The pro-GMO lobby likes to think it has the monopoly on truth. Anyone questioning its creed is attacked and smeared. GM Supporters claim to be big on science and peer review. While mouthing slogans about science and its pivotal role in steering the GM debate, they rely on unscientific tactics and polemics to promote their cause. They censor and distort scientific research and attack and smear scientists and others who criticise the pro-GMO establishment and the efficacy of or need for this technology. They also forward bogus claims based on the (inept – see this) studies they cite (see this, this and this to read about the points made here).
Rather than let science and rational discussion underpin the debate and attempt to use that to convince decision makers, the GM industry relies on expensive lobbying campaigns to attack transparency, resorts tofakery, bribery, intimidation, dirty tricks and the corrupting of public sector bodies that in principle exist to uphold the public interest.
The fact remains that, in spite of these tactics and the funds at its disposal, the pro-GMO lobby has to date failed to make much headway in getting this technology accepted in most countries across the world. It has failed to make a convincing case for the need for GM, and its tactics have been shoddy and its reasoning bogus.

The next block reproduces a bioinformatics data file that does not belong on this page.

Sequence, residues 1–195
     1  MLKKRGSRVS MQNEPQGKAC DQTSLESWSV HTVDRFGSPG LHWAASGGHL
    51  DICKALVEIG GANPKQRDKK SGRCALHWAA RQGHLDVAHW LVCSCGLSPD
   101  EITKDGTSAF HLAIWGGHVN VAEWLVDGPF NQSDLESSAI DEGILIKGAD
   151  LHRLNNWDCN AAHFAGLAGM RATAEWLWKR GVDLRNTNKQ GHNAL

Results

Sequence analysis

It says its opponents are anti-science who are bucking the supposed scientific consensus on GM and are preventing progress while overstating the risks involved. These claims have already been exposed as fallacious, but a recent piece in the New York Times by an investment expert and a prominent scientific advisor with an interest in risk management provides some revealing insight. They deconstruct the myths that the industry relies on to promote GMOs and draw parallels with the financial collapse that led to the current ongoing economic crisis.